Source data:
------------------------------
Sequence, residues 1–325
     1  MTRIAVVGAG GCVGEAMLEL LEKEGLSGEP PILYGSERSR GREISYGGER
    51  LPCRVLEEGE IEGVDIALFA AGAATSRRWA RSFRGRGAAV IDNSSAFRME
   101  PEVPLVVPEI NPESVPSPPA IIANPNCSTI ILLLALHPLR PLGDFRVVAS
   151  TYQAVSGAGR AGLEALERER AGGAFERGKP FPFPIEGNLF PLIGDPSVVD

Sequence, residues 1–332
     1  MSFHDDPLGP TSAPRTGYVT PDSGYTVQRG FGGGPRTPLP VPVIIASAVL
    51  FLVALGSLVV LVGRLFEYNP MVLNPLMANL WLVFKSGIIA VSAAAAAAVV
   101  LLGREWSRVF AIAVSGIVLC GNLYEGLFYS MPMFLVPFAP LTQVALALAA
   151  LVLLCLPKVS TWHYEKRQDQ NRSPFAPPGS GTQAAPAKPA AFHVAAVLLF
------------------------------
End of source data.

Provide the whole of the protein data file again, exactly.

Sequence, residues 1–325
     1  MTRIAVVGAG GCVGEAMLEL LEKEGLSGEP PILYGSERSR GREISYGGER
    51  LPCRVLEEGE IEGVDIALFA AGAATSRRWA RSFRGRGAAV IDNSSAFRME
   101  PEVPLVVPEI NPESVPSPPA IIANPNCSTI ILLLALHPLR PLGDFRVVAS
   151  TYQAVSGAGR AGLEALERER AGGAFERGKP FPFPIEGNLF PLIGDPSVVD

Sequence, residues 1–332
     1  MSFHDDPLGP TSAPRTGYVT PDSGYTVQRG FGGGPRTPLP VPVIIASAVL
    51  FLVALGSLVV LVGRLFEYNP MVLNPLMANL WLVFKSGIIA VSAAAAAAVV
   101  LLGREWSRVF AIAVSGIVLC GNLYEGLFYS MPMFLVPFAP LTQVALALAA
   151  LVLLCLPKVS TWHYEKRQDQ NRSPFAPPGS GTQAAPAKPA AFHVAAVLLF